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The U.S. faces a difficult challenge: preventing AI from being used in harmful ways while at the same time not unreasonably constraining the development of this critical technology.

In a best-case scenario, the government establishes clear societal expectations of what is and is not acceptable in AI and enforces compliance. The government doesn’t tell technologists how to change their technology—it tells them what the societal goals are and punishes violators with fines or other restrictions. That way, the government isn’t constraining the development of AI technology—it’s setting clear objectives and boundaries.

A far worse scenario would be for the government to step in with a heavy hand and mandate specific technological requirements for AI. For example, an activist government might be tempted to “solve” the problem of algorithmic bias by making AI developers remove the variables in the datasets that indicate a person’s race or gender. But that won’t fix the problem.

If you remove the variables that explicitly refer to race or gender, the AI will find other proxies for that missing data. Outcomes can still be affected by a person’s gender through other means: Data fields such as employment (schoolteachers tend to be disproportionately female; construction workers are disproportionately male) or age (women tend to live longer) can also play a role in perpetuating bias. Similarly, the AI will find proxies for race, even if the government has mandated that the race field be removed from the data set. Excluding a variable doesn’t mean that the AI can’t represent it in some other way.

Even an apparently well-meaning requirement, such as mandating that all AI development steps need to be documented, could have unexpected consequences that affect AI development. It may push organizations toward automated tools for experimenting with and selecting machine learning models because automated systems are better able to document every decision taken. It may also give large organizations with better processes a leg up over a scrappy startup team that may not be positioned to have the same kind of process rigor as an academic or corporate lab. Moreover, if the models themselves have to be “explainable,” then many popular “deep” approaches to machine learning may need to be abandoned.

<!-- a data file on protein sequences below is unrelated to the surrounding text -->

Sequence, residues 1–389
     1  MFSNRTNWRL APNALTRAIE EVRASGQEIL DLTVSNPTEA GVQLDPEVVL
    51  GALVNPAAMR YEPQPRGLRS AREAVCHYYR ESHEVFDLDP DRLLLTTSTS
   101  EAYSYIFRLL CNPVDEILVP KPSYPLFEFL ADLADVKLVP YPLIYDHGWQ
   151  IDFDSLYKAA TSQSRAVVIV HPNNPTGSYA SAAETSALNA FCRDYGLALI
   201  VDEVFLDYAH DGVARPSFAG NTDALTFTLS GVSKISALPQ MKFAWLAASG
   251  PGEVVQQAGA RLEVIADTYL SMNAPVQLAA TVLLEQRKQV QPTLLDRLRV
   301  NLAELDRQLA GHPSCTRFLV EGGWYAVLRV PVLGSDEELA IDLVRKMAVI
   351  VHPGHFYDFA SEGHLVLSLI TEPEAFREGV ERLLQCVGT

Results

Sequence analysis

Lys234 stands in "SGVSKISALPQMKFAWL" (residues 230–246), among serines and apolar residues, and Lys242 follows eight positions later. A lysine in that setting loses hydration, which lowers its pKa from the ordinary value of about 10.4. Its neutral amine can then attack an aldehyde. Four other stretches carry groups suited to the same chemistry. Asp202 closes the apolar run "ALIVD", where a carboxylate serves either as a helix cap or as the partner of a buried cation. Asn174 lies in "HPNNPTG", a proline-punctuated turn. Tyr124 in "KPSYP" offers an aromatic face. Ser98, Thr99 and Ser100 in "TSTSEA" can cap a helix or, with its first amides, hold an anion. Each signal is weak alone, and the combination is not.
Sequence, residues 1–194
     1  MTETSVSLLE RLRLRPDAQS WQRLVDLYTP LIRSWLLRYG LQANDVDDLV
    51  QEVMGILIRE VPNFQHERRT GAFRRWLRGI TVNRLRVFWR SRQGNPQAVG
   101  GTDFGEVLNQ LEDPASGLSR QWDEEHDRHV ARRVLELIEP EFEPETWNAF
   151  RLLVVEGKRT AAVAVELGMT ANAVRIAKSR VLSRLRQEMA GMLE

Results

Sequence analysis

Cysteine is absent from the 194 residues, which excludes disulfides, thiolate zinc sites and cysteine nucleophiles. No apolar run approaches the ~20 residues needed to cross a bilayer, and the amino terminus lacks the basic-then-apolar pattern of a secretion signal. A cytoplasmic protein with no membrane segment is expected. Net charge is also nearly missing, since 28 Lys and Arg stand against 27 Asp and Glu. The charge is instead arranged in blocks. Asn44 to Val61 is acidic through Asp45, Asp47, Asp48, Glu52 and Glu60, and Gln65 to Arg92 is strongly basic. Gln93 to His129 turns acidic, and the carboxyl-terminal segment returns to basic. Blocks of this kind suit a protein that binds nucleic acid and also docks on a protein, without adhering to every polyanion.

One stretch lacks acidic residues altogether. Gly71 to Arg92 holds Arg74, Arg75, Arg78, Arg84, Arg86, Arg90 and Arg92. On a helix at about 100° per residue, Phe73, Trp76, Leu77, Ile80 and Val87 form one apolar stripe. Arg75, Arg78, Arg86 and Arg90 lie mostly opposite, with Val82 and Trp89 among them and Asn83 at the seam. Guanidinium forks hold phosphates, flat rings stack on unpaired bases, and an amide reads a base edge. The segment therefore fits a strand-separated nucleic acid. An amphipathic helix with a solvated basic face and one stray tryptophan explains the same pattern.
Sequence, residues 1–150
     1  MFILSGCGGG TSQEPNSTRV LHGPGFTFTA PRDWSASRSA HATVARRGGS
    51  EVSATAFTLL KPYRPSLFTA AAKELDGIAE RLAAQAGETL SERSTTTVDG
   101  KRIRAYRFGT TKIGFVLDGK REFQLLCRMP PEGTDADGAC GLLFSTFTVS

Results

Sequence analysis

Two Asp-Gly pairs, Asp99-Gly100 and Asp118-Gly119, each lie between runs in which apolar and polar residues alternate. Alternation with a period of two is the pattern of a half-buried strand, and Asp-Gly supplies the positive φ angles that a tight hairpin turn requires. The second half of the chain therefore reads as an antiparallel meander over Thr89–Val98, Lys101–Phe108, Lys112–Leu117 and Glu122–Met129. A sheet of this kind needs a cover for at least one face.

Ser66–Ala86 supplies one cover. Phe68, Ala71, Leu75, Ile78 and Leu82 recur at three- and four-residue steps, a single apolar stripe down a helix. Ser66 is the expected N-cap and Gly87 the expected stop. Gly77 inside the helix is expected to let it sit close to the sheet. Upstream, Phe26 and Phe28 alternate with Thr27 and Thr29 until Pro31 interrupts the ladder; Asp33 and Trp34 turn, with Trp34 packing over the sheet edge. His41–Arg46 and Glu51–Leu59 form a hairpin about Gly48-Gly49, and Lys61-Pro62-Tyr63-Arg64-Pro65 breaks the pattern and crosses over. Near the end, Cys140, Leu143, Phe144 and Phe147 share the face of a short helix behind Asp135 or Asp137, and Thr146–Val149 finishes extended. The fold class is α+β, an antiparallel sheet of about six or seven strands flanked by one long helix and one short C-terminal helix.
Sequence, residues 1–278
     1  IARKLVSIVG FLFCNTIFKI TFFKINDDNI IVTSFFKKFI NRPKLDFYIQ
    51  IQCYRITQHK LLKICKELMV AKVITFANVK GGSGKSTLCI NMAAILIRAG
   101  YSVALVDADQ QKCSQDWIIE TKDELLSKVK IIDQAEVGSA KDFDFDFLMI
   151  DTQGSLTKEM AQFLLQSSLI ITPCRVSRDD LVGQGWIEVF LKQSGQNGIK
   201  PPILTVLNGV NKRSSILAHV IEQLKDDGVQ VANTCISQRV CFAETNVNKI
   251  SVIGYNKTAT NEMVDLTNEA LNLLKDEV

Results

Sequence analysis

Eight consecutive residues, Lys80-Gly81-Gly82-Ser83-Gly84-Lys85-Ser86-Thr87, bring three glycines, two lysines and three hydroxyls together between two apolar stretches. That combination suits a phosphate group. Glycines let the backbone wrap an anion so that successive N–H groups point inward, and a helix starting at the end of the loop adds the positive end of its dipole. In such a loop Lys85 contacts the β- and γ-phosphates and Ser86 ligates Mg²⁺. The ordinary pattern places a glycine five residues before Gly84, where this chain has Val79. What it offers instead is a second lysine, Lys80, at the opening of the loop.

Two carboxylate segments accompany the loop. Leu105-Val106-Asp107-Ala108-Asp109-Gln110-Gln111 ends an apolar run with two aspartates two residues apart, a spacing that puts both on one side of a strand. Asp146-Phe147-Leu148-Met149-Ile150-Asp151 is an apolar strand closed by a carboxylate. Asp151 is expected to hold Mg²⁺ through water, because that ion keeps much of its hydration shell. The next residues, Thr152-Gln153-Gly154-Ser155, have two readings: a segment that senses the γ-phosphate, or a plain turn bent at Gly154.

That’s why you don’t want Congress to mandate specific technological fixes for something as complex as AI. Congress should be in the business of making its nondiscrimination goals very clear and holding companies accountable if they fail to live up to them. While larger tech companies may be able to shrug off the risk of penalties, fines proportional to the economic impact of the AI system may be one way to make the cost of violating these regulations painful enough even for big corporations.

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I hope a Biden-Harris administration would live up to Joe Biden’s often-voiced promise of listening to the experts. In the case of AI, listening to the experts means bringing together a broad group of people to fashion a cohesive national AI policy, one our country needs in order to stay at the forefront of AI internationally. We need ethicists and academicians and social justice activists to be part of this vital process. And we also need a place at the table for people who have actually implemented AI projects at scale and have seen the real-world consequences of AI—intended and unintended.

Taking visible “action” on racial bias in AI is easy. Solving the problem at scale without harming U.S. competitiveness in AI is hard. If the Biden-Harris team wins, let’s hope the new administration decides to solve the hard problem.


Arijit Sengupta is the founder and CEO of Aible.